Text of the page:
signs of life, spans between inhalation and exhalation, hints of 
 disruption. I never say I worry about where it is his horizontally 
 sprinting legs are taking him. Towards or away from me. Would 
never share that every morning, I’m equally surprised that my 
 own eyes still open, although it takes longer for them to focus 
 than it used to. That when I stand and stretch and greet the day, 
 I am a bundle of knots and nerves, my heart rattling in my chest 
 like the loose seeds in a maraca, an instrument I will utilize for 
 the healing ritual I must perform when the time comes. I was 
 born vigilant, and ready for action when the dire moment arises.  

Gregg Shapiro is the author of eight books including the poetry collection Fear of Muses (Souvenir Spoon Books, 2022). Recent/forthcoming lit-mag publications include The Penn Review, Exquisite Pandemic, RFD, Gargoyle, Limp Wrist, Mollyhouse, Impossible Archetype, Red Fern Review, Instant Noodles, Dissonance Magazine, and POETiCA REViEW, as well as the anthologies Moving Images: Poems Inspired by Film (Before Your Quiet Eyes Publishing, 2021), This Is What America Looks Like (Washington Writers’ Publishing House, 2021) and Sweeter Voices Still: An LGBTQ Anthology From Middle America (Belt Publishing, 2021). An entertainment journalist, whose interviews and reviews run in a variety of regional LGBTQ+ and mainstream publications and websites, Shapiro lives in Fort Lauderdale, Florida with his husband Rick and their dog Coco.

Monday, April 4, 2022

Doctor’s Appointment

By Gary Beck 

The streets are crowded on the way to the doctor’s office,
making me even more nervous,
since no one is distancing.
The nurse takes my temperature,
allows me to stay.
I look suspiciously at other patients.
They are here for sports injuries
but I don’t trust anyone
in a time of pandemic.

Finally I see the doctor
who is detached, impersonal.
He treats my ankle,
gives me a shot
of I don’t know what.
Says goodbye. Leaves.
The nurse bandages me.
Says goodbye.
I rinse my hands with disinfectant,
walk home on crowded streets
and hope I didn’t contract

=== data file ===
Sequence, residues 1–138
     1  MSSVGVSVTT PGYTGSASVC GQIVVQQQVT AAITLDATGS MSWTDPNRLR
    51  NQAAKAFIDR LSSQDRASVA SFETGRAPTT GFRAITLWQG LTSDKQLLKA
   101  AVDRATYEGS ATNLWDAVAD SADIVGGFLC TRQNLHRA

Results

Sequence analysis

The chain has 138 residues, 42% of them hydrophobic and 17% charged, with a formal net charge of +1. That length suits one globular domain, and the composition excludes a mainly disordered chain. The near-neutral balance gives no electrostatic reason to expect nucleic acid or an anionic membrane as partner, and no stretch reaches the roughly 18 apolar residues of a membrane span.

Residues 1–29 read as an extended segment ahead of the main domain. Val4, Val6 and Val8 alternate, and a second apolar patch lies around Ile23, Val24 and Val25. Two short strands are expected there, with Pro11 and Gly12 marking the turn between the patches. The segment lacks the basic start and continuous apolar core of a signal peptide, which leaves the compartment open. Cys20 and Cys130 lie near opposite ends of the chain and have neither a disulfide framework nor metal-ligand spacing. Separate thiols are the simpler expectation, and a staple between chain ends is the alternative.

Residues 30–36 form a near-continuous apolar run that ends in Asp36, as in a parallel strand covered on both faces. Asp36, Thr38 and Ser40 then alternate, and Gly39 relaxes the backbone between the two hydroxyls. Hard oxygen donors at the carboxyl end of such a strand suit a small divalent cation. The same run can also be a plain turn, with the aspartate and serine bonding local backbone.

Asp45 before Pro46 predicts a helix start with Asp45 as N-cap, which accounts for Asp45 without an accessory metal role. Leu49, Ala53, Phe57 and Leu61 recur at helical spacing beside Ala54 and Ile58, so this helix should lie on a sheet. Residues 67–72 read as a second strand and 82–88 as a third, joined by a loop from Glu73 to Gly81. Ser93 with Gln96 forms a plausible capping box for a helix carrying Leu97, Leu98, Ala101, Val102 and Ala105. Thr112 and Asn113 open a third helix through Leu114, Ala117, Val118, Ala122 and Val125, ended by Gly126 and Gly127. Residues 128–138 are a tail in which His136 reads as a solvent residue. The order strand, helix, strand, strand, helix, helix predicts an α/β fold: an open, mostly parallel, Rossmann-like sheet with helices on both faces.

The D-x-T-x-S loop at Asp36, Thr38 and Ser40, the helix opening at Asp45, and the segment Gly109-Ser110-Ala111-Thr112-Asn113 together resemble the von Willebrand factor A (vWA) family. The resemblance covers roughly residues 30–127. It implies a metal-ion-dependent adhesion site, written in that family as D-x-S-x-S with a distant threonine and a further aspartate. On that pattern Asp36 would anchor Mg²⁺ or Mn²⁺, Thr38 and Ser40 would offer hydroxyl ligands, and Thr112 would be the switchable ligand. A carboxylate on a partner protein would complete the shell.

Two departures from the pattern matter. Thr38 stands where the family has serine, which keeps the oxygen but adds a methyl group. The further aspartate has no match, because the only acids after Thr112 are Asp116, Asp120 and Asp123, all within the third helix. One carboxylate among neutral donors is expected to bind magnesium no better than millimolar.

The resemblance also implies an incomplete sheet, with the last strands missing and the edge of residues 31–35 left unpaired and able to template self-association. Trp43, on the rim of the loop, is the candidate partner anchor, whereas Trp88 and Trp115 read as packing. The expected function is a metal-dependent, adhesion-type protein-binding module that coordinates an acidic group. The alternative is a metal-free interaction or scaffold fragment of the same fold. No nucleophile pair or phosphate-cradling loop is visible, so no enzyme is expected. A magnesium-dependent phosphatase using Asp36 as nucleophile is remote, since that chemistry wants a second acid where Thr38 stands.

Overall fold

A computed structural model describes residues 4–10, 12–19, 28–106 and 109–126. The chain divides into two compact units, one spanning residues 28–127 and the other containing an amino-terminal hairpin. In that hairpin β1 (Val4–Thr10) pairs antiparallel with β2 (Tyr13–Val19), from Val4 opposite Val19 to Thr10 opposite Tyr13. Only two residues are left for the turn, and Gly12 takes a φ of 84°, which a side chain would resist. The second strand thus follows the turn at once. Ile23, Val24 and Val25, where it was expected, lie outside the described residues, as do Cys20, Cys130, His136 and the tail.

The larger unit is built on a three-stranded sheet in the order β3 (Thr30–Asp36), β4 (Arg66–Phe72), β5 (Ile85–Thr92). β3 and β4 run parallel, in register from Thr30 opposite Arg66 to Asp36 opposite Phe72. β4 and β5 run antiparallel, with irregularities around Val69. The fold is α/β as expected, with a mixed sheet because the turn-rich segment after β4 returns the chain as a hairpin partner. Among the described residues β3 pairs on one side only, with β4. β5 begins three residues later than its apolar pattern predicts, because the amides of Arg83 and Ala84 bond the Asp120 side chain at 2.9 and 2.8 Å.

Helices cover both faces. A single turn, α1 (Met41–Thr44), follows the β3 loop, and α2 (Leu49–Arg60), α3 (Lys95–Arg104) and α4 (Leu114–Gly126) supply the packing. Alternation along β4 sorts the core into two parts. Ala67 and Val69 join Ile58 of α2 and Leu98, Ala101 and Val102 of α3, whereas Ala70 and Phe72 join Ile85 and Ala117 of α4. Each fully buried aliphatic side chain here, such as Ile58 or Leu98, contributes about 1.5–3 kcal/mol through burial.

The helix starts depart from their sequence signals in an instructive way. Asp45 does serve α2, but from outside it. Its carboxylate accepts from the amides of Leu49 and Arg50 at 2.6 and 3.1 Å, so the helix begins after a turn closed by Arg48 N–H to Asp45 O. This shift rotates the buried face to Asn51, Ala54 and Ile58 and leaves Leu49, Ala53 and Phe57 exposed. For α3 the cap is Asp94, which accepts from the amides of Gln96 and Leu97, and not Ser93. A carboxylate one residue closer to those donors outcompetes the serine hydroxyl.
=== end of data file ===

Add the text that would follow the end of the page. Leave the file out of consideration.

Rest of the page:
a fatal disease.

Gary Beck has spent most of his adult life as a theater director and worked as an art dealer when he couldn't earn a living in the theater. He has also been a tennis pro, a ditch digger and a salvage diver. His original plays and translations of Moliere, Aristophanes and Sophocles have been produced Off Broadway. His poetry, fiction and essays have appeared in hundreds of literary magazines and his published books include 32 poetry collections, 13 novels, 3 short story collections, 1 collection of essays and 3 books of plays. Gary lives in New York City.

Tuesday, February 1, 2022

Beaumont to Detroit: 1943

By Langston Hughes

Looky here, America
What you done done -
Let things drift
Until the riots come.

Now your policemen
Let your mobs run free.
I reckon you don’t care
Nothing about me.

You tell me that hitler
Is a mighty bad man.
I guess he took lessons
From the ku klux klan.

You tell me mussolini’s
Got an evil heart
Well, it mus-a-been in Beaumont
That he had his start -

Cause everything that hitler
And Mussolini do,
Negroes get the same
Treatment from you.

You jim crowed me
Before hitler rose to power -
And you’re STILL jim crowing me
Right now, this very hour.

Yet you say we’re fighting
For democracy
Then why don’t democracy
Include me?

I ask you this question
Cause I want to know
How long I got to fight

Tuesday, January 25, 2022

Where do pelicans die?

By Sharon Lopez Mooney 

I’ve never seen a dead pelican on my dock where they fish, 
does a relative or others fly in formation bringing the
body out to sea into the maw of deep currents? 

How do their mates mourn? 
Do neighbor pelicans bring them a catch of the day 
so they don’t have to leave their grieving? 

How about the energetic wrens? Who tends the chubby little body 
when there’s a death, do friends gather in their favorite ficus tree 
sheltered, to keen for the lost youngster who couldn’t sit still? 

I, too, have lost friends over these last years, 
not lovers or family, just lovely friends 
and I felt the quick cut of aloneness wound me anew. 

I cannot go back in time to the first flush 
of that friendship, cannot travel back over miles to 
lay my hand on their door to say good-bye.